Red Sox can be caught, but chances are Orioles are too iffy to do it A QUESTION OF CONTENDING

July 13, 1995|By Buster Olney | Buster Olney,Sun Staff Writer

Moments after the Orioles completed a four-game sweep of the Chicago White Sox last weekend, manager Phil Regan leaned back in his chair, his cap tilted back slightly, and looked very, very relieved.

Regan said that his team had played its best baseball of the year and that, despite a disappointing 33-35 start, they were ready for the second half.

He may be right. But there are many questions about the enigmatic Orioles, and here are 11 as they head into the final months of the season:

1. Can the Boston Red Sox be caught?

Absolutely. Boston is an underwhelming team. Its starting pitching relies on a knuckleballer, Tim Wakefield, who was released in the past year, and Roger Clemens. Wakefield's command of the maddening pitch could escape him again, and Clemens breaks down on a fairly regular basis. Don't forget, either, about the impact temperamental manager Kevin Kennedy could have on this team, particularly the bullpen and new closer Rick Aguilera. And it always must be pointed out that these are the Red Sox, a team that refuses to win when it most matters. Their reputation as losers over the years is well-deserved.

Chances, on a scale of 1 to 10, that the Red Sox won't win the

division: 6.

2. Will Ben McDonald and Kevin Brown recover from their first-half injuries and be effective?

Brown's injury was more structural -- a dislocated top joint in his index finger -- and now that it has healed, he should be fine, whenever he gets back into the rotation. But McDonald's health may be another matter. His injury was diagnosed two weeks ago as tendinitis in the back of his right shoulder, and after

feeling as if he were improving, McDonald had a setback last week, feeling some soreness again. He's never had shoulder problems before, so there's really no telling if he can bounce back.

Chances that Brown and McDonald will pitch well again: 6.

3. Will Scott Erickson help the Orioles?

At the least, he figures to be an improvement over Arthur Rhodes, the pitcher he bumps from the rotation. Erickson consistently pitches seven or eight innings, and though his won-lost record is poor over the past few years, at the least he will keep the Orioles close. Folks around baseball -- scouts, executives, players -- seem to agree that this was a very good trade for the Orioles, because they really didn't give up that much for the talented right-hander.

Chances that Erickson will be a plus: 7.

4. Will Jeffrey Hammonds become an impact player in the second half?

The bottom line is that Hammonds is only nine months removed from one of the most traumatic operations in sports, reconstructive knee surgery. He looked bad at the start of the season, came back from a stint in the minors and played effectively for a few weeks and, in recent games, he has looked terrible, at the plate and in the field. It would be wise for the Orioles to proceed with their planning for this year assuming that Hammonds won't improve; his operation was too serious to do anything else. If Hammonds continues to struggle and the Orioles have a chance to pick up a right fielder who can help them, then they should do it. Hammonds will come back a better player next year, but this year, they should consider anything he does to be a bonus.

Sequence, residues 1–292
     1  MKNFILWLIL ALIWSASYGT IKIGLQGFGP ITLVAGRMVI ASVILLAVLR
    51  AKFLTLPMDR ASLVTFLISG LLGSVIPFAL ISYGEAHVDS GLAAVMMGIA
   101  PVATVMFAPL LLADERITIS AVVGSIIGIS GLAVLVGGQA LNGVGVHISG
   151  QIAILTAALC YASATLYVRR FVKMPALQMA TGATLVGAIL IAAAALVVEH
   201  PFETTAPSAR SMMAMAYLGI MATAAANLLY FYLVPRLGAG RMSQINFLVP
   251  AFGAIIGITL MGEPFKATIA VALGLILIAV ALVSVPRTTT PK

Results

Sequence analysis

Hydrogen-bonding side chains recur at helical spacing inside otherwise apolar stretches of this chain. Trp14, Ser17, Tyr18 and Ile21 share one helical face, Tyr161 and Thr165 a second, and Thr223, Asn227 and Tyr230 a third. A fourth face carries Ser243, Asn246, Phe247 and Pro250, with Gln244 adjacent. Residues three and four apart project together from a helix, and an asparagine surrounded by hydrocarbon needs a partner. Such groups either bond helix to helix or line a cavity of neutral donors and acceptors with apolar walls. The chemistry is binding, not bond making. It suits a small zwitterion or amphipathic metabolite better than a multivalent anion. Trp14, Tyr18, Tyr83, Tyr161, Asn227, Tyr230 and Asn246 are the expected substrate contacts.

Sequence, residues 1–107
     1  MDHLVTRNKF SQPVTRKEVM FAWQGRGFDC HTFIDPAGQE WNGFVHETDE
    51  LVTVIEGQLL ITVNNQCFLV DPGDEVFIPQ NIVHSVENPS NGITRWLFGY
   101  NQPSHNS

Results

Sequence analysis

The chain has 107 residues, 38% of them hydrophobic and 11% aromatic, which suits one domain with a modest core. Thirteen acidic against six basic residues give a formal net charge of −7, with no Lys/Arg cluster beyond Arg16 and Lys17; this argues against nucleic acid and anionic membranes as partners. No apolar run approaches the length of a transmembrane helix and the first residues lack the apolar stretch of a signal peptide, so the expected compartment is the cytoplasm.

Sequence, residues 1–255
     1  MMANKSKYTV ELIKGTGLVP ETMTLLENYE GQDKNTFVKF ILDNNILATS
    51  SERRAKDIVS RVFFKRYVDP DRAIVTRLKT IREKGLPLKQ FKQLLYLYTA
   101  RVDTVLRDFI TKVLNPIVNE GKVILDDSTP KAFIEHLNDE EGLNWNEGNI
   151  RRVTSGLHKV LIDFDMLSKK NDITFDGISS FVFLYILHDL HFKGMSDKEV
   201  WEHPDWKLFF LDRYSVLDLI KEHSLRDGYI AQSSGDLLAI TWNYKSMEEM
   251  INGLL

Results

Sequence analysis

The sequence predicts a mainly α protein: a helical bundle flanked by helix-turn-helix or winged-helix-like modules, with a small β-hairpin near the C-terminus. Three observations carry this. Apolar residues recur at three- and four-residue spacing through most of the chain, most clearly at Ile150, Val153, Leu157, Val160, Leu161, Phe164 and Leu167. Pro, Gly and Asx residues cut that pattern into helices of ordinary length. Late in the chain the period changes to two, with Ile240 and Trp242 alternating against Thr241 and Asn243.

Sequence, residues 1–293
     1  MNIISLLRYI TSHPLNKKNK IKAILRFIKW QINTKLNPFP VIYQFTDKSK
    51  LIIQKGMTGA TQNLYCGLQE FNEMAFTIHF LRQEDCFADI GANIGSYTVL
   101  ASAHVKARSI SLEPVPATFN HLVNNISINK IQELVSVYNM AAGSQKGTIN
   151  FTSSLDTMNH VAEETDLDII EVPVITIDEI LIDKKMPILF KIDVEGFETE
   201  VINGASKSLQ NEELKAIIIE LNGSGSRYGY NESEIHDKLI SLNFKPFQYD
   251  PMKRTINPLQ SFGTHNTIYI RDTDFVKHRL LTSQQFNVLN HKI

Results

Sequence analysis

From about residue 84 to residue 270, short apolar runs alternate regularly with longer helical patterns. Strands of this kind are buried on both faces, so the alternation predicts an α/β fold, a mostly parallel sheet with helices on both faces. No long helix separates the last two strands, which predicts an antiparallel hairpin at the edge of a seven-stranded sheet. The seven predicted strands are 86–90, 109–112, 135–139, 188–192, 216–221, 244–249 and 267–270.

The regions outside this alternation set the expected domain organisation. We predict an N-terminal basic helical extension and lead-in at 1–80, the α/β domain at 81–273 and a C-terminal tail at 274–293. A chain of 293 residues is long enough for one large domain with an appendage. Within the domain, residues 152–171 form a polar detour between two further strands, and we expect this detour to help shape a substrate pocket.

L Chances that Hammonds will be an impact player this year: 2.

5. Will the bullpen continue its recent success?

There's no reason to think it can't. Ever since Terry Clark and Mark Lee were promoted to the majors June 8, this really has been the best and most consistent part of the team: a good left-right balance in the eighth and ninth innings with Jesse Orosco and Doug Jones and in the middle innings with Lee and Clark. Mike Oquist has had problems in tight ballgames, but he's done a creditable job as a long reliever. Something to think about, though: The Orioles need to be able to rely on Armando Benitez. They need a reliever who can get a strikeout with runners on base in the late innings. Suppose the Orioles have a one-run lead and the other team puts a runner at third with nobody out in the eighth. They need Benitez for his power, and if they send him back to the minors, they won't get that.

Chances that the bullpen will hold up: 8.

6. Is Chris Hoiles' recent streak for real?

For the Orioles' sake, it better be. He'd been a major disappointment until last week, and when he started hitting, he showed how much impact he can have on the attack. For the first two months of the season, Hoiles often would pop up or strike out because he had a loop in his swing. The loop was gone last weekend, flattened out, and he was mashing line drives. His history suggests that although he's never going to hit .300, he'll eventually grind his way to .250. The big thing with Hoiles is that he cannot fall behind in the count as much as he did in the first half of the season.

Chances that Hoiles will regroup: 6.

7. Are Jeff Manto and Jamie Moyer for real?

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